Living with credit

The bachelorette binge budget buster

Kristie Aronow

It was my first time planning a party, let alone a bachelorette party. Little did I know how much the whole affair would set me back.

Since the wedding date was set six months after the proposal, there wasn’t a lot of time to prep my budget. I had to put most of it on a credit card. It was excruciating to do so, but with my limited income, the choices were to charge the cost or decline bridesmaid title. I didn’t discover I’d be hosting the bachelorette party until a month prior to the event. This tight timeline ultimately took me further into debt than I’d like to admit.

My bachelorette bingeAccording Kelly Anderson, a contributor to the personal finance blog MintLife, it’s not atypical for bachelorette parties to cost $400 for each bridesmaid. The single night of fun in my old college town cost me closer to $500.

Despite the seemingly grand price tag, I really did try to keep the whole affair (mostly) frugal friendly. Here’s a rundown of the expenses:

Buying my plane ticket and paying for rental car gas (a fellow party-goer paid for the actual rental) would have caused my monthly budget to explode, especially since I would be driving to Missouri from Texas the following weekend for the wedding. To keep the cost of travel down, I used every reward point I had to purchase the ticket. (Sorry mom, I promise to visit next Christmas.) The flight would have cost $500 if it weren’t for my miles.

Pre-party prep
My first step was notifying guests of the party date. A few attendees also needed to fly in for the occasion, so the sooner I got the word out the better. To help keep costs down, I created a Facebook event. It made updating the women about time and place swift and easy, and it was free. Securing seats at the bride’s favorite restaurant was next. The average cost of a meal was $20, including tip, so each guest would pay for herself and one attendee volunteered to pay for the bride’s dinner. Scouting out a location for the group to get pedicures earlier that afternoon was also on my list. After some online price comparison searches, we settled on a place that offered to do everyone at the same time. The best part? The pedicure included a salt scrub, massage and polish for $30.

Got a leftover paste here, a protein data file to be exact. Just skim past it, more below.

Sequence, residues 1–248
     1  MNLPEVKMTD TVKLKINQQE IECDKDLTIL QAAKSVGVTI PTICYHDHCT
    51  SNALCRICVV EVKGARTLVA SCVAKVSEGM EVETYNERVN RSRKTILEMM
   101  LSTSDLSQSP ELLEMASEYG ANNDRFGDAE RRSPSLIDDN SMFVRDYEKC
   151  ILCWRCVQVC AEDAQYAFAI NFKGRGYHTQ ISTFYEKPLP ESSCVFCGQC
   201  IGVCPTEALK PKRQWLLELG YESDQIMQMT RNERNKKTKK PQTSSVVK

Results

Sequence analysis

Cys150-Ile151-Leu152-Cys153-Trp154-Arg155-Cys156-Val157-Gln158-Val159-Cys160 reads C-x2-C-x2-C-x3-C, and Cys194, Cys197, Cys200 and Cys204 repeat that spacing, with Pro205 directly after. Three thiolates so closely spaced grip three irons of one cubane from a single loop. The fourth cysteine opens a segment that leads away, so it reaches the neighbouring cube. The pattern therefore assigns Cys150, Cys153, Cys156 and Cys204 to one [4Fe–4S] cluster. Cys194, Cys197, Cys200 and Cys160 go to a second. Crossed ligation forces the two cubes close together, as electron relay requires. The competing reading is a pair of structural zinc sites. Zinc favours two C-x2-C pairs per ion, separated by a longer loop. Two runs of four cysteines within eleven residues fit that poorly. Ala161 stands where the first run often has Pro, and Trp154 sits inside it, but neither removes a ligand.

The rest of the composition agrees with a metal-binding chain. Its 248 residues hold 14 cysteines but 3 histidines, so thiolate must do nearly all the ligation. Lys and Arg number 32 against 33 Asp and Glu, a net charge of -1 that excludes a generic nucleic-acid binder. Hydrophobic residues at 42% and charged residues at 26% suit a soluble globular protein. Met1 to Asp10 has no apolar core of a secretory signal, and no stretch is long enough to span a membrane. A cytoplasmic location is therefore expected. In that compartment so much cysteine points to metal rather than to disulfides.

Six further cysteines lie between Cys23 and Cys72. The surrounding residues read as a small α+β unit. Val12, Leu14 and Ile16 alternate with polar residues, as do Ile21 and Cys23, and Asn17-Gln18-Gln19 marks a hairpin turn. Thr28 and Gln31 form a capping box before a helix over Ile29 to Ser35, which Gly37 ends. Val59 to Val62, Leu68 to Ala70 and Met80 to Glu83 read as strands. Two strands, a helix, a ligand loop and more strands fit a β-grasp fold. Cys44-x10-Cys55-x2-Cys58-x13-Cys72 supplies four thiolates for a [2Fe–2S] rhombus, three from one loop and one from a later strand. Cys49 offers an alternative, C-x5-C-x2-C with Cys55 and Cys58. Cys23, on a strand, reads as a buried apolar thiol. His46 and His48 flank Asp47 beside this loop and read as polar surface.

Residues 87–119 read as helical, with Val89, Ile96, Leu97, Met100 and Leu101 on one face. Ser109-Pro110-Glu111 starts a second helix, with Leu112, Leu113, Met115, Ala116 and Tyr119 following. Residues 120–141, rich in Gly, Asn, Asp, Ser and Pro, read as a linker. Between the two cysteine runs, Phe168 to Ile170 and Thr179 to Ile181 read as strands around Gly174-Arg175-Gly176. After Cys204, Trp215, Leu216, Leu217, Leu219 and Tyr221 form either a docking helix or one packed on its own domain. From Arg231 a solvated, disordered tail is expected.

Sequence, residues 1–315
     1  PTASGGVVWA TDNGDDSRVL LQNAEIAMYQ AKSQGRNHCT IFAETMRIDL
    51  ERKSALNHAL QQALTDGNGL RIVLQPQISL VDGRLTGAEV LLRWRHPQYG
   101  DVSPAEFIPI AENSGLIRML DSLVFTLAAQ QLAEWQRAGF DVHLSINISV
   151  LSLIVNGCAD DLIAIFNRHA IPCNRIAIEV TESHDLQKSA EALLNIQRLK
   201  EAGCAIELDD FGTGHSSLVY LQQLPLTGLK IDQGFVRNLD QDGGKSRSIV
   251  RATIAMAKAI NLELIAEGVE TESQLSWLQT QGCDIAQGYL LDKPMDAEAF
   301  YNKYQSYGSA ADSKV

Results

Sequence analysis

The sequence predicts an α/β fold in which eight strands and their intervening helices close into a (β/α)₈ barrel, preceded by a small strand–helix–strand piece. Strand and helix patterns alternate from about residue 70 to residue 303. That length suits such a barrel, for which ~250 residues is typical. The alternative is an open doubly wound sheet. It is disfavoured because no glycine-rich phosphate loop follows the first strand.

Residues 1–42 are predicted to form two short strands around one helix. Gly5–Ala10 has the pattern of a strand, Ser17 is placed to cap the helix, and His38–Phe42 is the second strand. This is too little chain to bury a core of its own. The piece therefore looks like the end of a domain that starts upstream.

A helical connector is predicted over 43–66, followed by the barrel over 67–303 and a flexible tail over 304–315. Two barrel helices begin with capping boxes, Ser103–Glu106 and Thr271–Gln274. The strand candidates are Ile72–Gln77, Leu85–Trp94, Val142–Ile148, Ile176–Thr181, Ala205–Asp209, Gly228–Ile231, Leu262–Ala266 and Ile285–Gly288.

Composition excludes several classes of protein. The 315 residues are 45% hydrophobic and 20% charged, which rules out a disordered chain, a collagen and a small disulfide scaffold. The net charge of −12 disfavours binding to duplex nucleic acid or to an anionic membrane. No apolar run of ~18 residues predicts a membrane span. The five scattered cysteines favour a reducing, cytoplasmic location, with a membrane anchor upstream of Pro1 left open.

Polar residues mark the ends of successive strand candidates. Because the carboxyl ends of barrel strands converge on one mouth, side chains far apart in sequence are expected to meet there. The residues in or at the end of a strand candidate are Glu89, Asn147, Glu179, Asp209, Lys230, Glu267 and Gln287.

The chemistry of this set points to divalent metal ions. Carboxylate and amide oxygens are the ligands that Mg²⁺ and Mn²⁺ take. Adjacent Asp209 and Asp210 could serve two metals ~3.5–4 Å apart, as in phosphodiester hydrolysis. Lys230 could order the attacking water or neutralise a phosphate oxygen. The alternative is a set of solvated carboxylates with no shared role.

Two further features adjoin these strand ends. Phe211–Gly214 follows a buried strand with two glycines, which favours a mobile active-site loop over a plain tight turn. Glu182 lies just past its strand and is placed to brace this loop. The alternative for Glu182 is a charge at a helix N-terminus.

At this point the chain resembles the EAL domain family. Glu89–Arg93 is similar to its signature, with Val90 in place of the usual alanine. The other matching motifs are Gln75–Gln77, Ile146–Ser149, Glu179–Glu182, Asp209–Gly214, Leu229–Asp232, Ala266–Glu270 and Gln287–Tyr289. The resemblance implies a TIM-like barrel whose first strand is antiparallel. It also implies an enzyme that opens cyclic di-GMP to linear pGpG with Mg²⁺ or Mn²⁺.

Originally, the plan was to host the party in the bride’s basement. Glamorous? No. Economical? Yes. However, the idea was killed by her fiance, a medical student who works the late shift at the hospital. Luckily, another bridesmaid found a great room at a local Residence Inn, and when split among everyone, it came out to $50 apiece. Plus, the free breakfast bar helped keep meal costs down.

After a night spent painting the town, we finished with an ice cream bar at the hotel. I bought the ice cream at a local grocer complete with all the toppings the bride desired. It only ran me $15 to feed the group.

Appealing for donations

Knowing that I couldn’t afford to pay for all the bride’s drinks, dinner, hotel, pedicure and ice cream (not to mention still buy her a wedding gift and get myself back to Missouri for the actual wedding), I wrote an email to the ladies who had RSVP’d asking them to volunteer to help pay for some expenses. It isn’t uncommon for bridesmaids to share the cost of the bachelorette party. Divvying up the expenses meant our friend felt spoiled and our personal budgets didn’t totally collapse under the strain of the evening.

While I think MintLife’s estimated cost is a bit low, keeping a bachelorette party local is a good start to keeping costs down. If I hadn’t used my miles to buy the flight, I would have shelled out $1,000 for the event. And many of the women at the party were able to come because I didn’t throw it somewhere too expensive. Everyone had a spectacular time and I was able to give my friend the final fling she deserved.

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